Nexus 7 has the superior Google Maps, whereas iOS has the sucky Apple Maps or access to Google Maps via web browser. Oh my God, the world is going to end.

Great, what exactly do you plan to tether that $199 Nexus 7 to for routing and Google Maps/Navigation data with that nifty integrated GPS, being that it only has a Wi-Fi connection? You'll need to pre-cache the geolocation data before you go anywhere. 

At least with the iPad mini, you have the option of buying a 3G/LTE version. And you have your choice of excellent 3rd-party navigation apps for iOS, such as Waze, GPX and Navigon if you really hate the Apple Maps.

Presumably, we'll see a 3G/LTE Nexus 7 shortly, but guess what? The iPad mini has a bigger battery and a longer battery life. To make the LTE Nexus 7 have the same 7 or so hours of battery life, they're going to have to put in a bigger battery and make it heavier.

The bottom line is this: If you want a Nexus 7, then buy it for what you plan to use it for and make sure the apps you intend to run on it meet your needs. Don't buy it because it is cheaper.

Is the iPad mini overpriced, or does it deliver value by the virtue of its ecosystem and superior applications? Talk Back and Let Me Know.

Topics: iPad, Android, Apple, Google


Jason Perlow, Sr. Technology Editor at ZDNet, is a technologist with over two decades of experience integrating large heterogeneous multi-vendor computing environments in Fortune 500 companies. Jason is currently a Partner Technology Strategist with Microsoft Corp. His expressed views do not necessarily represent those of his employer.

Kick off your day with ZDNet's daily email newsletter. It's the freshest tech news and opinion, served hot. Get it.


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  • What I love the most about the iPad Mini

    Is that how all those apple-freaks who have been ranting about the regular resolution displays being an incredible suffering for both the eyes and souls for the last half year, now suddenly start to declare the opposite, that the res doesnt really matter that much.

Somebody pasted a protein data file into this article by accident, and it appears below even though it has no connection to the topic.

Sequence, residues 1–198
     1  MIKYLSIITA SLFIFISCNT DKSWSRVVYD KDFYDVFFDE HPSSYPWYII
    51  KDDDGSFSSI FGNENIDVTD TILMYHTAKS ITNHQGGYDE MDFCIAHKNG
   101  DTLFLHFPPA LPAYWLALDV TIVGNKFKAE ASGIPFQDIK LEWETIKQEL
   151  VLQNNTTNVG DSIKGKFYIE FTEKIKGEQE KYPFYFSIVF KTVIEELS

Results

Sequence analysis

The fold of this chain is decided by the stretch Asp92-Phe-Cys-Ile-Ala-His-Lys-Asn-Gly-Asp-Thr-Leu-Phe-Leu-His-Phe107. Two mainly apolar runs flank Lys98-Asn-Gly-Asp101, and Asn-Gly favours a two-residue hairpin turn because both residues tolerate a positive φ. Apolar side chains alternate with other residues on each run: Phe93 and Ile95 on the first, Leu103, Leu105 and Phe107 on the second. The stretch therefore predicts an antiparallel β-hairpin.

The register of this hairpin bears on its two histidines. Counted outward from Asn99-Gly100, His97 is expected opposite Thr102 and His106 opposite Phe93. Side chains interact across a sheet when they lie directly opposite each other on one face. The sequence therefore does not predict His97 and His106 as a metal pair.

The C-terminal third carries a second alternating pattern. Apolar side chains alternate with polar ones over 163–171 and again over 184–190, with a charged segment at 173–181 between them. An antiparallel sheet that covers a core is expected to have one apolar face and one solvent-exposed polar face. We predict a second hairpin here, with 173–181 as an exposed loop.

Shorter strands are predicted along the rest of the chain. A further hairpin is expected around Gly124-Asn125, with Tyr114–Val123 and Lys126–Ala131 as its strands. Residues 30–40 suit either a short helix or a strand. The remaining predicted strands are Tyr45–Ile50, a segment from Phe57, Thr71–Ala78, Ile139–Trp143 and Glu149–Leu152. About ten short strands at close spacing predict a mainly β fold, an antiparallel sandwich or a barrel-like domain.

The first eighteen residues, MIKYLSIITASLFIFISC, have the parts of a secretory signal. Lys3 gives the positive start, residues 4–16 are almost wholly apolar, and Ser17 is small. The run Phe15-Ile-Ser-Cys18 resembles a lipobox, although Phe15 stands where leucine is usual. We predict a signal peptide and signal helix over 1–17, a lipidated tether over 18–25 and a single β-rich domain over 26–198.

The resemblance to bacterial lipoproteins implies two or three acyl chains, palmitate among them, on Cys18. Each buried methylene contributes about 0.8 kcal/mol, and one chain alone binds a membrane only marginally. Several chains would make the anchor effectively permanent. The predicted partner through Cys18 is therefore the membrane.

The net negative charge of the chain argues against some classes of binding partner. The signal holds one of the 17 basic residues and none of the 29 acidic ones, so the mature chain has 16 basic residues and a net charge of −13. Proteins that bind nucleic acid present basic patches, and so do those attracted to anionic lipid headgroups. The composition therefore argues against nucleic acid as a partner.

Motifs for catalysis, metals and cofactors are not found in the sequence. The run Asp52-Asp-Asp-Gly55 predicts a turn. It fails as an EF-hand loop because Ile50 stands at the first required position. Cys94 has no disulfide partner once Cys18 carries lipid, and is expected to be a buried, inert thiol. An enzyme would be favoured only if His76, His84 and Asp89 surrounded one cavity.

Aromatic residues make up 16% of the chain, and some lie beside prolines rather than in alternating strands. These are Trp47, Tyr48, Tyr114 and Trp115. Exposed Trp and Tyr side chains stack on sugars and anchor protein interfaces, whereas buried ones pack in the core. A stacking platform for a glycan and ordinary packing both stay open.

• Resolution, luminosity and color fidelity of a display do matter.

      Those issues will likely keep owners of HiDPI or retina class machines away from purchasing the iPad Mini. (Everyone else .. well .. their eyes are not educated enough and the iPad Mini will do just fine for those individuals.)

      Personally, I like the iPad Mini form factor but I will wait until it has a faster processor and a retina (or HiDPI) screen resolution. My heavy iPad 3 will do just fine until the iPad Mini gets upgraded.
      • Fully Agree - Retina Screen and A6X for an iPad mini!

        I hope that Apple will read this and start work on refreshing the iPad mini in the near future. I would buy it for an additiona $250 more just to have something I like.
        • Myabe they will release a new iPad mini

          6 months from today just like the 3rd generation iPad.
          • iPad Mini is smaller

            So it should take half the time. I say 3 months from today.
        • $250 more? You make no sense.

          You, sir, are obviously suffering from being too long in the ARDF.
        • unfortunatelly (and I have a "now old" ipad 3)

          this new version will be available in 4 months..!!!

      • Everything else is retina but the mini